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Missing Links: Hume, Smith, Kant and Economic Methodology

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  • Stuart Holland
  • Teresa Carla Oliveira
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    Abstract

    This paper traces missing links in the history of economic thought. In outlining Hume’s concept of ‘the reflexive mind’ it shows that this opened frontiers between philosophy and psychology which Bertrand Russell denied and which logical positivism in philosophy and positive economics displaced. It relates this to Hume’s influence not only on Smith, but also on Schopenhauer and the later Wittgenstein, with parallels in Gestalt psychology and recent findings from neural research and cognitive psychology. It critiques Kant’s reaction to Hume’s claim that one may assume but cannot prove cause and effect and how Samuelson’s Foundations of Economic Analysis has been Kantian but wrong in claims for axioms that are universal truths. It illustrates how Samuelson’s presumption that language and mathematics are ‘identical’ was as mistaken as the logical atomism of Russell and the early Wittgenstein, relates this to Kleinian splitting, denial and projective identification and suggests that recovery of greater realism in economics needs to regain links with such philosophy and psychology.

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    Bibliographic Info

    Article provided by World Economics Association in its journal Economic Thought.

    Volume (Year): 2 (2013)
    Issue (Month): 2 (October)
    Pages: 46

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    Handle: RePEc:wea:econth:v:2:y:2013:i:2:p:46

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    1. George A. Akerlof, 2009. "How Human Psychology Drives the Economy and Why It Matters," American Journal of Agricultural Economics, Agricultural and Applied Economics Association, vol. 91(5), pages 1175-1175.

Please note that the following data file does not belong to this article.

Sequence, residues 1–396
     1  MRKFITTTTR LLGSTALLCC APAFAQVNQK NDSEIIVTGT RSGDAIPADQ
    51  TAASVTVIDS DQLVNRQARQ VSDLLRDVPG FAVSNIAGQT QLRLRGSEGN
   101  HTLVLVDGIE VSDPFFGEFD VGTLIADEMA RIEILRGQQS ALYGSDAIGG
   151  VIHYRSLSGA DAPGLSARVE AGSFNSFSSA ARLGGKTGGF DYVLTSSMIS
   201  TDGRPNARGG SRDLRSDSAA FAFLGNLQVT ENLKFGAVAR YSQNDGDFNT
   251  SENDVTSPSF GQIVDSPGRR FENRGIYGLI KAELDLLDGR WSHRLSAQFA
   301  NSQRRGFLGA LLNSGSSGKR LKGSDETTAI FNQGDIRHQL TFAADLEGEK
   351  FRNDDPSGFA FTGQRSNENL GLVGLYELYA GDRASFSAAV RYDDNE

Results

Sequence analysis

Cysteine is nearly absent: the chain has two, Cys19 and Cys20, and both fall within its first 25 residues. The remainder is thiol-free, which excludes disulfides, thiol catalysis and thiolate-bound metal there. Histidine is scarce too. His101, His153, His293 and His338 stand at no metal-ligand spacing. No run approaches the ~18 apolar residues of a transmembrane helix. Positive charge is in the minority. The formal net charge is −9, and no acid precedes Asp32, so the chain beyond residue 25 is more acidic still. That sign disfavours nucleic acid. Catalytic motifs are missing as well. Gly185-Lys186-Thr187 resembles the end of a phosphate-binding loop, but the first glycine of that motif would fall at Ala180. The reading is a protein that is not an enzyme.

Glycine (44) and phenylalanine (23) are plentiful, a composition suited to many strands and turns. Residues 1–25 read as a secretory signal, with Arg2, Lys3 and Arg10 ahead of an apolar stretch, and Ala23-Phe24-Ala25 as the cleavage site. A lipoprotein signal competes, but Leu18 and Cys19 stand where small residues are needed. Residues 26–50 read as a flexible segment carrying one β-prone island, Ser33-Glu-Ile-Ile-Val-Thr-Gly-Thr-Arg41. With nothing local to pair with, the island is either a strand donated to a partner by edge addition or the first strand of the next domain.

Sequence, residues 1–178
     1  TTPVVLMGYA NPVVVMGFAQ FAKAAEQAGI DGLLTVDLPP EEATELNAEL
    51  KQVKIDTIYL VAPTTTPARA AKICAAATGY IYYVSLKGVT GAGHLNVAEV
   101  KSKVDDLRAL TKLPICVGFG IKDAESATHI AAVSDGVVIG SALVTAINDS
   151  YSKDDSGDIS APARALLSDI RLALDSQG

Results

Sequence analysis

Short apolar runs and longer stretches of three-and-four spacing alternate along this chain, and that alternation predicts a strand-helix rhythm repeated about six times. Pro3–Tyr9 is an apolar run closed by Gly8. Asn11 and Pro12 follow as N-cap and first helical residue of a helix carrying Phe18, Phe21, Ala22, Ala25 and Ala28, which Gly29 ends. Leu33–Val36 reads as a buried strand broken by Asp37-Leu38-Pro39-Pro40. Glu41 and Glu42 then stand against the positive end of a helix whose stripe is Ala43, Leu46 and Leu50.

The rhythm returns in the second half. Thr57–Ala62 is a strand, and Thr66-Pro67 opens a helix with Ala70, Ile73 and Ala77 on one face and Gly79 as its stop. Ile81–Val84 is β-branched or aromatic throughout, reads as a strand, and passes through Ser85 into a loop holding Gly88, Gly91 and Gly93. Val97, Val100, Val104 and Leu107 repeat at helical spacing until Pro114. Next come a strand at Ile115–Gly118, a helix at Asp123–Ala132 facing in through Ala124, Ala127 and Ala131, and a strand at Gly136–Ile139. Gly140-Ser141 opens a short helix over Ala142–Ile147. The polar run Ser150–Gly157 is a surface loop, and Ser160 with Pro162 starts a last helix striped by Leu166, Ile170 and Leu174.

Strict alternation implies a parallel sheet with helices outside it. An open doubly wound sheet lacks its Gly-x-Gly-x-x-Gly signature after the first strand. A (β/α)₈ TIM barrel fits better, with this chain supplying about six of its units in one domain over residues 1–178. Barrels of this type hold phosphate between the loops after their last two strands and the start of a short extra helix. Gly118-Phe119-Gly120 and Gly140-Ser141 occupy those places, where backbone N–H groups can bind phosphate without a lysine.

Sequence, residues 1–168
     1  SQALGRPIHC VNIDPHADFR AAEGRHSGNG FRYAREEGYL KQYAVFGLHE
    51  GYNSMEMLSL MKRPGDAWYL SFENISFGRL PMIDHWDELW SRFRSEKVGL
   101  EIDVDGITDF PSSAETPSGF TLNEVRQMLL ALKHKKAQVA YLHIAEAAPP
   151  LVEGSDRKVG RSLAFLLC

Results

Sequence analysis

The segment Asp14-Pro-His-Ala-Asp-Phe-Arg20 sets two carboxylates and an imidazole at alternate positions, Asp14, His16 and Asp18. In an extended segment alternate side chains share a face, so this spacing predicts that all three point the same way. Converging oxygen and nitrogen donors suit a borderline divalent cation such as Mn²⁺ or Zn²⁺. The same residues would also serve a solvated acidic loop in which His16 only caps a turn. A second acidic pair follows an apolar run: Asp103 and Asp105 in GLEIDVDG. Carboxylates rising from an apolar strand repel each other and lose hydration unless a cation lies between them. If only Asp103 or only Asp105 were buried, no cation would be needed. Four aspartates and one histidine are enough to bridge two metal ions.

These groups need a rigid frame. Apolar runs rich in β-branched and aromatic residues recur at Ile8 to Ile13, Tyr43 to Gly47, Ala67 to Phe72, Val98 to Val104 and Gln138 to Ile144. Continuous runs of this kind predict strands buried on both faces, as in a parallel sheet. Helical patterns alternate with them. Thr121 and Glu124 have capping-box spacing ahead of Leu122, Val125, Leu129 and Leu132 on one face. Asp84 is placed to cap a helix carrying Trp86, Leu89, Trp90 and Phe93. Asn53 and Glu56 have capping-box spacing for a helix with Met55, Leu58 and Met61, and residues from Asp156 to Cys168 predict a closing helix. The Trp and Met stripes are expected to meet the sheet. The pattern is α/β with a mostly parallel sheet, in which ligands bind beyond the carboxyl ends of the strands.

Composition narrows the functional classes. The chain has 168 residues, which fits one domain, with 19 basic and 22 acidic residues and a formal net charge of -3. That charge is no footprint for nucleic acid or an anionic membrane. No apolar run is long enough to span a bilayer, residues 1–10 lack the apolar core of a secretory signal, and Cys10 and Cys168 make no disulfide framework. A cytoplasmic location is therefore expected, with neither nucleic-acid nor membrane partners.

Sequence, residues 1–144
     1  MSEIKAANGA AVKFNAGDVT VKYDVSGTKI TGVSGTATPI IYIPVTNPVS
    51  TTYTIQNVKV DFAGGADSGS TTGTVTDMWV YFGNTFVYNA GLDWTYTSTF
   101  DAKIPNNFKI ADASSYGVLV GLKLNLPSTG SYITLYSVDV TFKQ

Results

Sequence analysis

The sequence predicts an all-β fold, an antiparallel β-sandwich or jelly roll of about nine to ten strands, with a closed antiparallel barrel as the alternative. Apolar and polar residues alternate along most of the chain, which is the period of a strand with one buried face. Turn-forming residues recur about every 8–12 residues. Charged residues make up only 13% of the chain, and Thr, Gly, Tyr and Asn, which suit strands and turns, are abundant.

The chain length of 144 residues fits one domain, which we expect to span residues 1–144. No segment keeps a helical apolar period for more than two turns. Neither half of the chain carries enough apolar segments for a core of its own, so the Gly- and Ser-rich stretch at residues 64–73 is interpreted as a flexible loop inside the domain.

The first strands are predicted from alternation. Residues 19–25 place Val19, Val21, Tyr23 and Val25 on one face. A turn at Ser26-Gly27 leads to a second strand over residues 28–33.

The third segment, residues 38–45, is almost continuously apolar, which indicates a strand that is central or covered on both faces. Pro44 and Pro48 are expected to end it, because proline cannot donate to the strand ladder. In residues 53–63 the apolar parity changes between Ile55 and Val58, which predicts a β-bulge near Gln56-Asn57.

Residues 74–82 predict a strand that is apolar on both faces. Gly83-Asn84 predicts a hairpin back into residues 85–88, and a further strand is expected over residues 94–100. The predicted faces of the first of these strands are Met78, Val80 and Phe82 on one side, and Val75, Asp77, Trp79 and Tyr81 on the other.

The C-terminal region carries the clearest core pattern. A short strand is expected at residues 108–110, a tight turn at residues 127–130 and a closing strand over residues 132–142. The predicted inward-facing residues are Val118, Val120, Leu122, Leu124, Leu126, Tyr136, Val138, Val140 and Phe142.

2. Sheila C. Dow, 2002. "Interpretation: The Case of David Hume," History of Political Economy, Duke University Press, vol. 34(2), pages 399-420, Summer.
    3. Robert C. Merton, 1973. "Theory of Rational Option Pricing," Bell Journal of Economics, The RAND Corporation, vol. 4(1), pages 141-183, Spring.
    4. Scholes, Myron S, 1998. "Derivatives in a Dynamic Environment," American Economic Review, American Economic Association, vol. 88(3), pages 350-70, June.
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    7. Amartya Sen, 2003. "Sraffa, Wittgenstein, and Gramsci," Journal of Economic Literature, American Economic Association, vol. 41(4), pages 1240-1255, December.
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    9. Lucas, Robert Jr, 1976. "Econometric policy evaluation: A critique," Carnegie-Rochester Conference Series on Public Policy, Elsevier, vol. 1(1), pages 19-46, January.
    10. Jevons, William Stanley, 1871. "The Theory of Political Economy," History of Economic Thought Books, McMaster University Archive for the History of Economic Thought, number jevons1871.
    11. Carl Wennerlind, 2005. "David Hume's Monetary Theory Revisited: Was He Really a Quantity Theorist and an Inflationist?," Journal of Political Economy, University of Chicago Press, vol. 113(1), pages 223-252, February.
    12. Merton, Robert C, 1998. "Applications of Option-Pricing Theory: Twenty-Five Years Later," American Economic Review, American Economic Association, vol. 88(3), pages 323-49, June.
    13. Teresa Carla Oliveira & Stuart Holland, 2012. "On the centrality of human value," Journal of Economic Methodology, Taylor & Francis Journals, vol. 19(2), pages 121-141, June.
    14. Paul A. Samuelson, 2004. "Where Ricardo and Mill Rebut and Confirm Arguments of Mainstream Economists Supporting Globalization," Journal of Economic Perspectives, American Economic Association, vol. 18(3), pages 135-146, Summer.
    15. Hume, David, 1758. "An Equiry Concerning Human Understanding," History of Economic Thought Books, McMaster University Archive for the History of Economic Thought, number hume1758.
    16. Fama, Eugene F & French, Kenneth R, 1992. " The Cross-Section of Expected Stock Returns," Journal of Finance, American Finance Association, vol. 47(2), pages 427-65, June.
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